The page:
The 3-day MSF rider course teaches new riders the basics of safe riding, but nothing about the motorcycle as a machine that requires maintenance. Not knowing anyone else that rides, I’ve been sorting out the mechanical issues myself. As a Jeep guy, I’m used to wrenching on my Wrangler and when I drive, hearing an entire symphony of bangs, clatters, rattles, crunches and clicks. Most are normal and my experienced ear can pick out the new ones as a sign of something going wrong. But on a bike, as a new rider, it’s a whole new score. Different noises entirely – might be normal or might be a sign of a mechanical disaster waiting to become a medical disaster on the road.
The latest weird noise has been a clapaclapaclapa sound on Chiquita’s right side when braking. It was putting off a “this is a bad noise” vibe. So wrenches ready, I started in. Wheels felt solid, brake calipers, pads and lines all functioning as usual. But then the chain – it had so much extra slack I’m surprised it was staying on!
So, like wrenching on my Jeep, I just started turning screws and seeing what falls off or breaks. Kev the Mechanic Rule: “If you touch it and it breaks, it needed replacing anyway.” Fortunately, nothing broke (which is not usually the case with Rocksanne) and I discovered that these two seemingly pointless screws on the end of the swingarm are what adjust the chain. I had attempted to pull the axle further back – this would move the rear sprocket further away from the front and add tension to the chain. But it was impossible to keep the axle straight and the chain taut. Enter “seemingly pointless screws.” Turns out those Germans know something about engineering that I didn’t, and with a few scheißes and some left-right-forward-back finagling of the rear wheel I was able to get it in exactly the right spot.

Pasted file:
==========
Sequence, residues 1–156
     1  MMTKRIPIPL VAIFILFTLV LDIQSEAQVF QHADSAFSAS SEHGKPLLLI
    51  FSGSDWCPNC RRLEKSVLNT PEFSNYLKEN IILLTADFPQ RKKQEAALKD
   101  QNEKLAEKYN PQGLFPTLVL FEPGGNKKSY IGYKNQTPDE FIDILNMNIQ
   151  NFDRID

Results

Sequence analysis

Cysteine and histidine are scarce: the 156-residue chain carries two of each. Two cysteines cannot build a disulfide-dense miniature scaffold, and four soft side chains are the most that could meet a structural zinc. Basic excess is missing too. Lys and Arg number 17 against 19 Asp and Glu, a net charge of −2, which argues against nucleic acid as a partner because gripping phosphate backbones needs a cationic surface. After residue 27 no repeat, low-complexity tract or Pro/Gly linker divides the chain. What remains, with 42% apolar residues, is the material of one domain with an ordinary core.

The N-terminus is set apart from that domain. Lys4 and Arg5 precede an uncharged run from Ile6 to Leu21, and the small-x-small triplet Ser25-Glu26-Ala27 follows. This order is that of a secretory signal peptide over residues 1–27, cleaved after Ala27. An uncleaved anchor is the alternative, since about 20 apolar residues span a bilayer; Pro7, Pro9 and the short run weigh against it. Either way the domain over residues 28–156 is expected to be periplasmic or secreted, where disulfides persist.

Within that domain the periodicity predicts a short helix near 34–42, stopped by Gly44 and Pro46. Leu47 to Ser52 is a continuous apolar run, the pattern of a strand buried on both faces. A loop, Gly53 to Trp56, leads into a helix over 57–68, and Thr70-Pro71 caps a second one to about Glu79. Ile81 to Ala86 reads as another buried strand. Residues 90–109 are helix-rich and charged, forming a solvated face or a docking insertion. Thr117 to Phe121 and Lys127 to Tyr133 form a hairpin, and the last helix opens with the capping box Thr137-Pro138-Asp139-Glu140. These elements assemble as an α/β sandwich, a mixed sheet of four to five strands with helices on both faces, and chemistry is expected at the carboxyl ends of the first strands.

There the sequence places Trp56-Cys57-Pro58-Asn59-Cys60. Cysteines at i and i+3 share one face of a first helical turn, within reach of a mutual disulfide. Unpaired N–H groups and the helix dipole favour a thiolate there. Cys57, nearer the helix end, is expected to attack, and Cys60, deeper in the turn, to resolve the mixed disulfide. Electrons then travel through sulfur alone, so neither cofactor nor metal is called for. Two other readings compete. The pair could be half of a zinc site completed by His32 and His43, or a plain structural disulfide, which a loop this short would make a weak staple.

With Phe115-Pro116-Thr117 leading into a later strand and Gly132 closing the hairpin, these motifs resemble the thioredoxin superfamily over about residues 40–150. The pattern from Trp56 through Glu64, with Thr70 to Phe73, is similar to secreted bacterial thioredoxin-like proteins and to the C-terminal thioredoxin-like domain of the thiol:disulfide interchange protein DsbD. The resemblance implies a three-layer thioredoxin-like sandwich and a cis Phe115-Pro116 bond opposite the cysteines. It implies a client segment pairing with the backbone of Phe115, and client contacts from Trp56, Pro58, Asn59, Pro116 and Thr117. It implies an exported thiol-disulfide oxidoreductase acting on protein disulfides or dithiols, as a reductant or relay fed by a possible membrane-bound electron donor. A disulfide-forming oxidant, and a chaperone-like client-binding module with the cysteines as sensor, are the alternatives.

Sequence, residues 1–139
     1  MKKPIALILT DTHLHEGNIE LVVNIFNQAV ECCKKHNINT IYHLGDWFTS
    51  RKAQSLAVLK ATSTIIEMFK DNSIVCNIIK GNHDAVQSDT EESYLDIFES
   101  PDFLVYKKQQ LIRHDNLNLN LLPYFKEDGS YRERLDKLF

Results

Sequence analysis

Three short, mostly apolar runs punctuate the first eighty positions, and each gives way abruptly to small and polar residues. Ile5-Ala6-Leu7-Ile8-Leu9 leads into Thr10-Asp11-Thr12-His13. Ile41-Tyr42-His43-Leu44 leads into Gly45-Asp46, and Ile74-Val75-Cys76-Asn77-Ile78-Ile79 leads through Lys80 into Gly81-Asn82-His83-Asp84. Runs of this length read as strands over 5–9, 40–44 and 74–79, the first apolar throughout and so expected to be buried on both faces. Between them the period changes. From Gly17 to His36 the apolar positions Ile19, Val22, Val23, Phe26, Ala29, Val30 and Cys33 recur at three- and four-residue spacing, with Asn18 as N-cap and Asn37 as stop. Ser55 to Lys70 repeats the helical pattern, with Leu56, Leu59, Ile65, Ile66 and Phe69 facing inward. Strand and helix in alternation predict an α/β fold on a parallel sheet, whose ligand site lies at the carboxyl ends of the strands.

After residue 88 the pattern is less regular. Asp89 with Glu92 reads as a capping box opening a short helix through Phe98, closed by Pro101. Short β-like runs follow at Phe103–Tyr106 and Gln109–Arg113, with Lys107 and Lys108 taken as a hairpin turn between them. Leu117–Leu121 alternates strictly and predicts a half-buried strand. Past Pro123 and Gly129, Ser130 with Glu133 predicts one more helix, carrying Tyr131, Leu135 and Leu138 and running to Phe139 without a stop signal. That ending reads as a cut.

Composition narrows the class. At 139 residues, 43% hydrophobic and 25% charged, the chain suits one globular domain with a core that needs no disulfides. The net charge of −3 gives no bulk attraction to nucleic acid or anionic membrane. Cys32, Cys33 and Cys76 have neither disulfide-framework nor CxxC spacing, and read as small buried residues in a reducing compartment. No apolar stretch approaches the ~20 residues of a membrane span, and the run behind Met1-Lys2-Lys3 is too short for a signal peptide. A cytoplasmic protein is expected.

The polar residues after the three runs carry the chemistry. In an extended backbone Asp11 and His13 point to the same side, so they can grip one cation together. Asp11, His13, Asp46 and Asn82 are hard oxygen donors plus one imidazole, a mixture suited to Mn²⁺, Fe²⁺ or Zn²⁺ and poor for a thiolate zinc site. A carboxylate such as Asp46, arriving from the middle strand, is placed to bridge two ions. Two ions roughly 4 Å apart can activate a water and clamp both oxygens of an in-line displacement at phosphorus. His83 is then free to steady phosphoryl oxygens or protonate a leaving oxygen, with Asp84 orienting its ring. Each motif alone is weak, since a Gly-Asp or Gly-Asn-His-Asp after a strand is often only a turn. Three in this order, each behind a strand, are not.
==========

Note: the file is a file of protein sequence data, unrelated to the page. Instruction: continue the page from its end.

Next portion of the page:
No more clapaclapa. No more bike moving at different speeds from the engine. Feels goooood